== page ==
Calligraphy and Propaganda

Chishu Ryu said “Ozu-san didn’t make any heroic movie during the war”. This is true. He did not make any combat films, heroic military action films nor pseudo-historical drama to support totalitarian political agenda. But it does not mean he was making films in vacuum. “I was born, but … (1932)” may seem the last place for anyone to find any war propaganda, but, remember, it was filmed in 1932, the year of Shanghai Incident. During the scene in the classroom, you can see a rather large frame of Japanese calligraphy on the wall. It says “Bakudan Sanyu-shi”, or “Three …

Another bus trip

Criterion released Hiroshi Shimizu’s prewar works, including “Mr. Thank You (有がとうさん)”. This is very exciting, since Hiroshi Shimizu, contemporary of Yasujiro Ozu, is not well-known even in Japan and this release will inspire many people to watch his films and enjoy his humor and relaxed atmosphere. “Mr. Thank You” is probably the most accessible to modern viewers, being a road movie in the countryside of prewar Japan. There is another movie on the bus by Shimizu in 1941, called “Akatsuki no gassho (暁の合唱)”. It is not a road movie like “Mr. Thank You” made five years earlier, but it tried …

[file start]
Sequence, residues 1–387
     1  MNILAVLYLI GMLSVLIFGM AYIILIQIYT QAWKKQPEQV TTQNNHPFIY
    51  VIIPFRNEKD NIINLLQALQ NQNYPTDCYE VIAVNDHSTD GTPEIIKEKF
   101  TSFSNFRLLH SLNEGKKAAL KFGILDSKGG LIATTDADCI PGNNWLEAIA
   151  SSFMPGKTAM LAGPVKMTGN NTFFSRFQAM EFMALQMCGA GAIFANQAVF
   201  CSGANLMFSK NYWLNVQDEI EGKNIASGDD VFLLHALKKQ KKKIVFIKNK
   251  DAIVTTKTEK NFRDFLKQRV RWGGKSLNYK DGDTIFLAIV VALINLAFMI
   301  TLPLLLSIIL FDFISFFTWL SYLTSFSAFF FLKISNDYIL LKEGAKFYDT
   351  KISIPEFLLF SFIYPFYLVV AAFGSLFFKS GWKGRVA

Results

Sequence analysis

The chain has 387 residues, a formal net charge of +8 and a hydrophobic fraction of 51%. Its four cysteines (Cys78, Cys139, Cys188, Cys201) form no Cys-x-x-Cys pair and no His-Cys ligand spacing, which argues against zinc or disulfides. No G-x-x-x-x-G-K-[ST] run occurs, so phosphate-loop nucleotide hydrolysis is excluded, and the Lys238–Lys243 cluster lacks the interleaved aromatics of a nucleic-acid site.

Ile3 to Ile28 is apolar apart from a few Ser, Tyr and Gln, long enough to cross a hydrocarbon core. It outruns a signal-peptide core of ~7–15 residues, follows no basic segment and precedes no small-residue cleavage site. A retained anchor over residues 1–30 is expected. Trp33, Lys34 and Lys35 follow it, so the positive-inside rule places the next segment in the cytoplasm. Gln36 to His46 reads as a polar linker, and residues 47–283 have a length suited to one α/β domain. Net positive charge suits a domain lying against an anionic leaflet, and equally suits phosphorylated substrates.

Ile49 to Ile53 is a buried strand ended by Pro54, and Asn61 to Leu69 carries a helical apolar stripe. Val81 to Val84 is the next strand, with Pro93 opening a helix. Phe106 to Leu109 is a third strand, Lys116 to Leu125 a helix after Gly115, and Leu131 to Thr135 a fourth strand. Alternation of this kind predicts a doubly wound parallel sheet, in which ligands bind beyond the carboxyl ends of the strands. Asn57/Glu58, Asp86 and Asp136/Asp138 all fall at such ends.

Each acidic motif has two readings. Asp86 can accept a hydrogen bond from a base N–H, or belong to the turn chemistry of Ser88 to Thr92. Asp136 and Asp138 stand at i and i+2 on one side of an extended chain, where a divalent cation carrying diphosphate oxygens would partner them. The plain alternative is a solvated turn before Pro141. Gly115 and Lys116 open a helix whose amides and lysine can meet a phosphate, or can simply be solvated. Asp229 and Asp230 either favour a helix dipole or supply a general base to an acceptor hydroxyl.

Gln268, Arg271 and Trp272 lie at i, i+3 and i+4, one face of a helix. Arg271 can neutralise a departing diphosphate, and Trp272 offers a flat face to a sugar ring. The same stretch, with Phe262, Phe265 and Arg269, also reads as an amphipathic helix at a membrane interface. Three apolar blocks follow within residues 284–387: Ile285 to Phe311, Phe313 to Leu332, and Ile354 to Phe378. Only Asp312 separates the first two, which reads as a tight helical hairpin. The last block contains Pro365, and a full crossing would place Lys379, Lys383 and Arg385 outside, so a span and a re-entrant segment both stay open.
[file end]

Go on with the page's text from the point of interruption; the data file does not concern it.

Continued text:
There was a war…

One of the recent releases from Criterion Collection is “The Only Son/There Was a Father: Two Films by Yasujiro Ozu”, two of the Ozu films rarely seen by western audiences. “There was a Father” was released during the Pacific War, and whenever this film is discussed, its aspect as a war time propaganda is always a topic. There is a very good essay on the film by Tony Ryans, which discusses the ambiguity of the message in the film. It may seem strange by today’s standards, but this film was a propaganda. Office of Intelligence awarded this film as “People’s …